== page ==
The question for the Netherlands after the group stage at Euro 2020 was whether it had just benefited from a straightforward draw or whether the pre-tournament predictions of chaos had been overblown. Sunday's 2-0 defeat to the Czech Republic in the round of 16 provided the answer. The dismissal of Matthijs De Ligt early in the second half was a major factor, but a disciplined and physically imposing Czech Republic side had rattled the Dutch long before that.
The red card should not be used as an excuse. Rather, the Oranje went out because they didn’t have the wit to break down the Czech defense, and because defensively they looked vulnerable to crosses and never seemed to work out a way of stopping deliveries into the box. As they go out having failed to register a shot in the second half and a single shot on target at all—and go home to recrimination and the probable departure of manager Frank De Boer—the Czechs go on to face Denmark in the quarterfinals, a rematch of the 2004 quarterfinals they won, 3–0, 17 years ago to the day.
But as well as what happened on the pitch, this was a game important for other reasons. Netherlands captain Georginio Wijnaldum wore a rainbow armband bearing the slogan “One Love,” an overt reaction to recent homophobic legislation in Hungary (the match was taking place in Budapest). Although the rainbow colors were apparent on the pitchside advertising, there was, slightly surprisingly, no evidence of rainbow flags or banners in the stands.
There had been reports earlier in the day of Hungarian security confiscating rainbow flags from Dutch fans. UEFA, which is already investigating alleged homophobic incidents involving Hungary fans, responded with a statement insisting that “UEFA had earlier today informed the Hungarian Football Federation that that rainbow-colored symbols are not political and that in line with UEFA's Equal Game campaign which aims at fighting against any type of discrimination, including against the LGBTQI+ community, such flags will be allowed into the stadium.” It did, though, acknowledge that fan zones are under the control of local authorities.
There are limits, clearly, as to what influence UEFA (or FIFA) has over local policing, which only makes it even more clear than it was before the need, when hosting rights are allocated, for there to be consideration of the extent to which the prospective host complies to UEFA's (or FIFA's) stated standards on human rights, which would include the absence of discriminatory legislation. In that regard, what has happened in Hungary may just be a foreshadowing of what is to come at the World Cup in Qatar next year.
The game itself produced the first real shock of the tournament. De Boer was not a popular choice to be Netherlands manager. For all his achievements at Ajax, an 85-day stint at Inter Milan, a 77-day stint at Crystal Palace and 18 months at Atlanta United had diminished his credibility and there was a sense when he stepped in after Ronald Koeman took the Barcelona job that he was somebody who was available rather than necessarily desired.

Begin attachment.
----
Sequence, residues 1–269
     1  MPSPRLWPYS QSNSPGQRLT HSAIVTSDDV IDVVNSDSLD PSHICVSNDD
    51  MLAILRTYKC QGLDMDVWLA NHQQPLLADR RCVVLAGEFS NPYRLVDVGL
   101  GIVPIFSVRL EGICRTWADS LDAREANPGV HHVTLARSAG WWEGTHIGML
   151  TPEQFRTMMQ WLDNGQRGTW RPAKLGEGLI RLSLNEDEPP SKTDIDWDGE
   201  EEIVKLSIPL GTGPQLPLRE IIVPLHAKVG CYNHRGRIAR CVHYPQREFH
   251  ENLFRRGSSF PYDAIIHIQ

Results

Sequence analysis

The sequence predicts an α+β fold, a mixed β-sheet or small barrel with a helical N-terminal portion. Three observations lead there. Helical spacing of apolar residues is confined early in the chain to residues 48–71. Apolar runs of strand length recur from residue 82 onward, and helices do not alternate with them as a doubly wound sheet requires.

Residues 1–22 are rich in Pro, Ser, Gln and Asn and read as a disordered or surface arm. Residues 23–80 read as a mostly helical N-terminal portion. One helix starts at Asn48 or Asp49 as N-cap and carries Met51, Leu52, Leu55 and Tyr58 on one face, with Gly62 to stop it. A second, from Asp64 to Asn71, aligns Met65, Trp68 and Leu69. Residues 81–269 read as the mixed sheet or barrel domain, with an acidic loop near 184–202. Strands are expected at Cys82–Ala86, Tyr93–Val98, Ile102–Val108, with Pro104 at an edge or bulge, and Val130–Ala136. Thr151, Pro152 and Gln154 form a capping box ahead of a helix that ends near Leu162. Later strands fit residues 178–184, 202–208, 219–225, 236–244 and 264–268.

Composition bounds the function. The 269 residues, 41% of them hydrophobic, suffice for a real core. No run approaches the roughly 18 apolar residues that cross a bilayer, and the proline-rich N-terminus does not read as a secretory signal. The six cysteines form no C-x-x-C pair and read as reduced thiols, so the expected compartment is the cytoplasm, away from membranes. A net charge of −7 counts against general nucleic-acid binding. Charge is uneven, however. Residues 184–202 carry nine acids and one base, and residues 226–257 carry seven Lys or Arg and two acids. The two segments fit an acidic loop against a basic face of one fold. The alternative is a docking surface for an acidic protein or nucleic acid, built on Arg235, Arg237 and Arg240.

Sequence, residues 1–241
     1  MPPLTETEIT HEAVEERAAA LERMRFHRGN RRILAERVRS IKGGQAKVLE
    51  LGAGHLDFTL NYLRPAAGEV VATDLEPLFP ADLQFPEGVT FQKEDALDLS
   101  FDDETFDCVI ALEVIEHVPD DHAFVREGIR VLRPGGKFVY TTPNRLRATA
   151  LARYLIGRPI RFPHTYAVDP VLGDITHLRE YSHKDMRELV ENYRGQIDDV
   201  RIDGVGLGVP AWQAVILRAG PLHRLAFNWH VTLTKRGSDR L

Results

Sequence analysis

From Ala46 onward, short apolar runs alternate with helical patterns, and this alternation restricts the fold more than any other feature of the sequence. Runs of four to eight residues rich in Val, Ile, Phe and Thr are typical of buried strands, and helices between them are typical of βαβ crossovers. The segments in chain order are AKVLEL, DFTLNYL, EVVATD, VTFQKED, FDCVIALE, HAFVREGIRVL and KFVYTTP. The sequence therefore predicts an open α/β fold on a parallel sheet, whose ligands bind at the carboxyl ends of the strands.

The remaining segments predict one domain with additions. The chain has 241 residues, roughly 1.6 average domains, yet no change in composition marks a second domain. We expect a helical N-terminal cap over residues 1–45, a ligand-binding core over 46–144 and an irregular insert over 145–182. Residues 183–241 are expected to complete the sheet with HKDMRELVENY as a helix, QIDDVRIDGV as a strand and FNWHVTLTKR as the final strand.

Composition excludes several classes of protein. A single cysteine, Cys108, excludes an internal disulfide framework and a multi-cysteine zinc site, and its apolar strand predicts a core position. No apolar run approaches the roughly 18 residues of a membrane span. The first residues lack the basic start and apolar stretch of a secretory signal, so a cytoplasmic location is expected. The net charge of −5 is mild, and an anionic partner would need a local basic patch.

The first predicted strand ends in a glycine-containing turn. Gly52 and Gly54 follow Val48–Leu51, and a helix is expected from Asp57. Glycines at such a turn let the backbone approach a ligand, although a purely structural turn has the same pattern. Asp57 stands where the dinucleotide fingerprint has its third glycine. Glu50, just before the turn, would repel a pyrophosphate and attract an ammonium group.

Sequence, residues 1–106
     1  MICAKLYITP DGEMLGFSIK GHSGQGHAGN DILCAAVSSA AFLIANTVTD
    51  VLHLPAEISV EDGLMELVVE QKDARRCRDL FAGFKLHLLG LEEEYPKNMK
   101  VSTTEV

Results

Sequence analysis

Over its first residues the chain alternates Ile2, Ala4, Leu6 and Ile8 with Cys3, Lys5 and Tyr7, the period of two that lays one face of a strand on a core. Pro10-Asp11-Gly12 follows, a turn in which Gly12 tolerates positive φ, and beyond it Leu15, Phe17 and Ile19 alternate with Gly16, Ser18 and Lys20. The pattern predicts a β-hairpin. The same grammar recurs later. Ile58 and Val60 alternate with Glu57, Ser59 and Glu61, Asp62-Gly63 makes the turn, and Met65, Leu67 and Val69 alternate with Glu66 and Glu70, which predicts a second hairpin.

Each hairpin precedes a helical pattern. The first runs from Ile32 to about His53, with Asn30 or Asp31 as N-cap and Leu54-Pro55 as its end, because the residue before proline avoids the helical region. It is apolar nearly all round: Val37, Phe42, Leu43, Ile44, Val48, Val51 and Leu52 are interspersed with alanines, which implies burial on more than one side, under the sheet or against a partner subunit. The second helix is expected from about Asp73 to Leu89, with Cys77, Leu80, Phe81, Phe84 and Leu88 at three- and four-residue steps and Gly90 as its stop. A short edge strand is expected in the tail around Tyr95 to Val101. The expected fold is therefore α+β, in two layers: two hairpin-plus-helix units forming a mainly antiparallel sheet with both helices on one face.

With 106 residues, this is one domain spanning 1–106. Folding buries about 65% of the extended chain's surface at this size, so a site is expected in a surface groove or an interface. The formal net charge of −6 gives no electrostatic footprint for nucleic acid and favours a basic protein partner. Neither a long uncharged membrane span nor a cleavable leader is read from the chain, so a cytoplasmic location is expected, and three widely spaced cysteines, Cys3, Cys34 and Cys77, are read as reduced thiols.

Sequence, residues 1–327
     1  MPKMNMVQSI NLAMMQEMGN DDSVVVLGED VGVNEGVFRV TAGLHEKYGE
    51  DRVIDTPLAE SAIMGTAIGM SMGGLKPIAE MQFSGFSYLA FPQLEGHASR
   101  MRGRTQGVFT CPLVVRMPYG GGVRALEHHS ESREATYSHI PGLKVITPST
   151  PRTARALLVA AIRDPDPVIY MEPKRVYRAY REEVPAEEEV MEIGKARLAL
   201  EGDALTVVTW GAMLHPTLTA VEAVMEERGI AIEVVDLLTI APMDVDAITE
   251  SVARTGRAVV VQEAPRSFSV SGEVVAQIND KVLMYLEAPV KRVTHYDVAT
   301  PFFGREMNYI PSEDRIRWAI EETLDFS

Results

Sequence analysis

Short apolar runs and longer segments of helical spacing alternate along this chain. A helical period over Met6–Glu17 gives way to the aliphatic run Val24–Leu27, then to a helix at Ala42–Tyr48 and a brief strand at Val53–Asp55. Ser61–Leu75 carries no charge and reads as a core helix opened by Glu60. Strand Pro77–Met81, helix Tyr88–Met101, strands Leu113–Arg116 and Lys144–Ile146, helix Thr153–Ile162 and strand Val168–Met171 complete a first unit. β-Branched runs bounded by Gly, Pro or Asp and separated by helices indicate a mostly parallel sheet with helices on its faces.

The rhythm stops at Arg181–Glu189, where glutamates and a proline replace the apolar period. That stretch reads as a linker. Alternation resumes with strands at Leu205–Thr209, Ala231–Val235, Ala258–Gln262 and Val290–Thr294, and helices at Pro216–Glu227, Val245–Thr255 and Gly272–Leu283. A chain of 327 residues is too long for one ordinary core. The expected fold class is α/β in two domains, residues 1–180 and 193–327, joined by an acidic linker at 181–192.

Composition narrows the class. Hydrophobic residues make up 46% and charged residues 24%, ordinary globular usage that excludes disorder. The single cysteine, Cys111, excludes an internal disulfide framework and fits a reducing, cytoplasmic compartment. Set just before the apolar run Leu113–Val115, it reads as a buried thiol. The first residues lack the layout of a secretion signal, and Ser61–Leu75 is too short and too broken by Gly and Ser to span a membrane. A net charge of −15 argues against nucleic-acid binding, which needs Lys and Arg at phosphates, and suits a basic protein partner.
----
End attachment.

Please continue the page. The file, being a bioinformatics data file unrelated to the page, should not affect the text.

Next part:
And being the Netherlands, of course, there were tactical disputes. In a country in which some fans demand a 4-3-3 as a matter of faith—even De Boer’s twin brother, Ronald, commented before the tournament that Johan Cruyff would be turning in his grave—the preference for a 5-3-2 caused consternation. Three wins out of three in the group perhaps tempered some of the criticism, but the directness of much of the Dutch play here felt unorthodox to the point of heresy.
Initially, balls over the top to release Memphis Depay or Donyell Malen, or runners from deeper, did create opportunities. The problem was that the approach soon became predictable and the Czechs adjusted, dropping slightly deeper. As the game became increasingly ragged, the Czechs, always dangerous from set plays, began to cause problems in open play as well, as Vladimír Coufal, the right back, repeatedly found space behind the Dutch left wingback Patrick van Aanholt.
But everything hinged on an incident nine minutes into the second half. Within 25 seconds of Malen bursting through and being denied by excellent goalkeeping by Tomáš Vaclík, the tenor of the game was changed as De Ligt, the last defender back, slipped and then scooped the ball away from Patrik Schick with his hand to be sent off (Oddly, the Netherlands' four all-time red cards at the Euros have all come against Czechoslovakia/Czech Republic). The Dutch took off Malen for Quincy Promes and switched to a back four, and the Czechs took control.
The opener came after 68 minutes, as Antonín Barák’s free kick from the right was headed back across goal by Tomáš Kalas for Tomáš Holeš to head powerfully through three Dutch players on the line. A second arrived 12 minutes later, Holes cutting the ball back for Schick to steer in his fourth goal of the tournament.
This is the Czechs’ first major quarterfinal since Euro 2012, but with this half of the draw opening up, manager Jaroslav Šilhavý will dream of repeating the achievement of 2004 in reaching the semifinals—perhaps even emulating what happened in 1996 and reaching a Wembley final once again. Its combination of ruggedness and neat patterns could unsettle anybody.
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